Industrial Mixing is an art, and over the past hundred years or so, advancements in technology have revolutionized the way we mix raw and composite materials to make the products used by many industries such as the food and pharmaceutical industries.
If you have ever used an electrical whisk to create cake frosting, you may have noticed how the basic process works.
In the industrial world, mixing is broadly similar, but there are a few critical differences, including how the mix is removed or discharged from the mixer.
In today’s blog by Roto-Disc, we explain some of the essential aspects concerning the mixer discharge process and the equipment used to accomplish this task.
The Mixer Discharge Process:
Unlike household mixers/blenders, industrial mixers are too large to be turned upside down to get the finished mix out. Therefore, most industrial blenders are manufactured with one or more discharge openings at the mixer’s base or trough.
Shut-off (open/closed) valves are usually installed at the discharge opening(s) of these mixers. These valves are typically closed while the mixer is mixing and opened to discharge the finished mix.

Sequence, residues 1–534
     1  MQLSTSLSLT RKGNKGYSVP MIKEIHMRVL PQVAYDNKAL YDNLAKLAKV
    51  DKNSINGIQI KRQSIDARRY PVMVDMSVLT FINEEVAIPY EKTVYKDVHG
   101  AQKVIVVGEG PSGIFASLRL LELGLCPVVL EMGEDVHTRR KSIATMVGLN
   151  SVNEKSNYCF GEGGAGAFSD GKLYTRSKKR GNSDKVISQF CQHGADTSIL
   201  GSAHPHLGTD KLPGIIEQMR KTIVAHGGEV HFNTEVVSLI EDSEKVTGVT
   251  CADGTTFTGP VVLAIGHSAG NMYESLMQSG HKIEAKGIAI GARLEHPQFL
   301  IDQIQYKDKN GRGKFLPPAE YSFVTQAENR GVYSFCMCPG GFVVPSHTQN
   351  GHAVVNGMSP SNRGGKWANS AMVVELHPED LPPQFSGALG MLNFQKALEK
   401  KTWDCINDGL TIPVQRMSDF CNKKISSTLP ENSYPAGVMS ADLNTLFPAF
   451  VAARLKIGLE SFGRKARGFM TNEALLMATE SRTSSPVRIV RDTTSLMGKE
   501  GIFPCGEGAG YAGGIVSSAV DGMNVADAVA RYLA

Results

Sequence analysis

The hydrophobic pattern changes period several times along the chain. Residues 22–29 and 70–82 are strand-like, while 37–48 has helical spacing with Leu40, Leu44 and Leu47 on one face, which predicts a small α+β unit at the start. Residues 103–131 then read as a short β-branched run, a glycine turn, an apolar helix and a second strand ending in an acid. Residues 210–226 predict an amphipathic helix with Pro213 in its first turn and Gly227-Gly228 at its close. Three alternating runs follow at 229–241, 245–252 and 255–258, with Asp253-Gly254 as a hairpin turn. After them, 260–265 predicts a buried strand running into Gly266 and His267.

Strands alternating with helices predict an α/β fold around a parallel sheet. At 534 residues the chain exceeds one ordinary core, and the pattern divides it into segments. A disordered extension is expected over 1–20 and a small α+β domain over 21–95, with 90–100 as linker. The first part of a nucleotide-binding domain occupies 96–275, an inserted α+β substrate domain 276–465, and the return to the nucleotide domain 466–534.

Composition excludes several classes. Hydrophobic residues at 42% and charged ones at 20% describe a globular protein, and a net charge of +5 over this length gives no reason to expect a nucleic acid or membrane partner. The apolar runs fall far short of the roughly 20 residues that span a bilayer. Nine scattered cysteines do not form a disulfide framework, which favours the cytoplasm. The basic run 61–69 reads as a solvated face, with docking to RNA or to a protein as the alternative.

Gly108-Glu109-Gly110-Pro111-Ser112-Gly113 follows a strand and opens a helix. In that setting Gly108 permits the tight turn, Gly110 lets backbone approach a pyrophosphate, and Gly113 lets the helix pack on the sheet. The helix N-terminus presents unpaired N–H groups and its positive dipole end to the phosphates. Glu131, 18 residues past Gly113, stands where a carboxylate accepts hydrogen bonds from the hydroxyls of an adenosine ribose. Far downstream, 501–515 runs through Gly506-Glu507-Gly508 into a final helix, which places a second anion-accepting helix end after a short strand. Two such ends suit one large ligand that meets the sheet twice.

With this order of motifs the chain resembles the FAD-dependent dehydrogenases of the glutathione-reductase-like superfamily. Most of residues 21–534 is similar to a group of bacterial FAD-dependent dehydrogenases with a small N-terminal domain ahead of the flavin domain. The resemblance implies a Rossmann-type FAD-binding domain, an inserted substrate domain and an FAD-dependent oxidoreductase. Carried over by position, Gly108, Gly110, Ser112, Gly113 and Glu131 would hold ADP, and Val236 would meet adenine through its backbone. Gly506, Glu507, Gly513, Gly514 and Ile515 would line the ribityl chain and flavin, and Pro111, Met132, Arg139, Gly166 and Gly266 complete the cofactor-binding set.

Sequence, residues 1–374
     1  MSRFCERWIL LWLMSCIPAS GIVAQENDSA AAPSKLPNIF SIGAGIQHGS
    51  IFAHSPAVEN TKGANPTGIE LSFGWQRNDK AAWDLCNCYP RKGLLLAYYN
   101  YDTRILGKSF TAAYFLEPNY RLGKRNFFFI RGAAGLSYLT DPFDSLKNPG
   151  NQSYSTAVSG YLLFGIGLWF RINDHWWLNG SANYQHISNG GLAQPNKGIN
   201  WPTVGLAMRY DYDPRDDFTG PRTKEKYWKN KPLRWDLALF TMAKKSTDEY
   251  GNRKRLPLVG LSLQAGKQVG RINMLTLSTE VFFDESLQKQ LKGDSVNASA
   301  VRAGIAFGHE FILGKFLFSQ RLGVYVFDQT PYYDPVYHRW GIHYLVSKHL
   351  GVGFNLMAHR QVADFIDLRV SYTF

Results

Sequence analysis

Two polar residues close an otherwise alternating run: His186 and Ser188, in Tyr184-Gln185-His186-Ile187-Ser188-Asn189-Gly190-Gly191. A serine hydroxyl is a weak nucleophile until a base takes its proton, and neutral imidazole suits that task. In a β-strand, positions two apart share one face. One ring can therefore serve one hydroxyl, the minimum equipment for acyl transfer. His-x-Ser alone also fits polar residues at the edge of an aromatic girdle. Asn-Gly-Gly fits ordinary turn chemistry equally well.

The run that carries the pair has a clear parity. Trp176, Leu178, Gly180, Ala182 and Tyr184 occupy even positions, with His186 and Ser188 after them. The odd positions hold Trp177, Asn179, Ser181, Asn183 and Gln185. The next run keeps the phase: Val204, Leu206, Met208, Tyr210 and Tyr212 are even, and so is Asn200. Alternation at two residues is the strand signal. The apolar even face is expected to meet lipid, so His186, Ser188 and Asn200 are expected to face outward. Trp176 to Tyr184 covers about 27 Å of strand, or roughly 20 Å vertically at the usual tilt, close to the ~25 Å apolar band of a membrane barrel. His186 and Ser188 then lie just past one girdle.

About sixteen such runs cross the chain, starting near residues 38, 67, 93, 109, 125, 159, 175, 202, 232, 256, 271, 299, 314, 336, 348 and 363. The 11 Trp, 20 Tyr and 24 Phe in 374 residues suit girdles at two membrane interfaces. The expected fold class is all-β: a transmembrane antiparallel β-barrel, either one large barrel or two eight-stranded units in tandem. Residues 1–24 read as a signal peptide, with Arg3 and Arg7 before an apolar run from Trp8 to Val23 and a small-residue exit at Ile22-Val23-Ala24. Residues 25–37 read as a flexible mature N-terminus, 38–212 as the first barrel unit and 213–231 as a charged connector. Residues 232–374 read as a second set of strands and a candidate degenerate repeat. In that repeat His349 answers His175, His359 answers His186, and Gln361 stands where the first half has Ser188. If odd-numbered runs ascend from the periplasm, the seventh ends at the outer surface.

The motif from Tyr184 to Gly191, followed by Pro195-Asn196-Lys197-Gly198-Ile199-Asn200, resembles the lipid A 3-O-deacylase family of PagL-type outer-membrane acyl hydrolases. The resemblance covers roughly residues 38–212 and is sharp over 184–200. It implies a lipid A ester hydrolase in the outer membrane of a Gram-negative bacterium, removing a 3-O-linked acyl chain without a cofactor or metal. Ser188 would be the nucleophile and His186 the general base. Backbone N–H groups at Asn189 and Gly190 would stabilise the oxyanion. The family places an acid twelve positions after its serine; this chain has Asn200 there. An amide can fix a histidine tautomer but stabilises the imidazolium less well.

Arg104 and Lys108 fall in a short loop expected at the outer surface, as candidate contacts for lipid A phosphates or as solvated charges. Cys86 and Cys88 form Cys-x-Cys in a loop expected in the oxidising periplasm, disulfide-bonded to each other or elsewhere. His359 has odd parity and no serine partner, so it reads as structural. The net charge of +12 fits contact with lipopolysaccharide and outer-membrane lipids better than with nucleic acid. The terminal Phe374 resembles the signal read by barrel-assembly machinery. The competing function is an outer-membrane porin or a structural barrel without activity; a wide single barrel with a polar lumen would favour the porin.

The mixer is often running while discharging to push the material through the discharge opening(s). The discharge rate time is when the mixer is emptied and made ready for another mix.
Mixer Discharge Rates
Durable mixers with fast discharge rates are what manufacturers need to optimize their mixing process. Additionally, the discharge valves should be designed to minimize dead-space, which is the area around the discharge that the mixer cannot reach.
Material in the dead-space is not fully mixed, and is considered by the industry to be ‘off-spec’. Finally, discharge valves should not bind up or trap material since this can lead to lost product and risk of contamination with future batch mixes.
Ideal Mixer Discharge Valves
Spherical valves are ideal for mixer discharge since there is nothing in the flow-stream when they are open, unlike other valve styles. This means material is processed out of the mixer more quickly.
Also, the dome of the valve takes up most of the dead space, thereby reducing the area for the unmixed product. The wiping action of the dome against the seat wipes the dome-face clean with each cycle which prevents binding.
Finally, the design eliminates internal crevices, which reduces the chance for cross-contamination. Durability is essential when considering a mixer discharge valve. Roto-Disc’s robust design avoids seat-wear and lasts much longer than other valve styles.
Contact Roto-Disc for More Details
Get in touch with the Roto-Disc team to learn more about our industrial equipment and cost-saving custom-design valves. We design specialty gravity flow pressure vacuum system valves suited for your business needs. For more information, contact Roto-Disc today.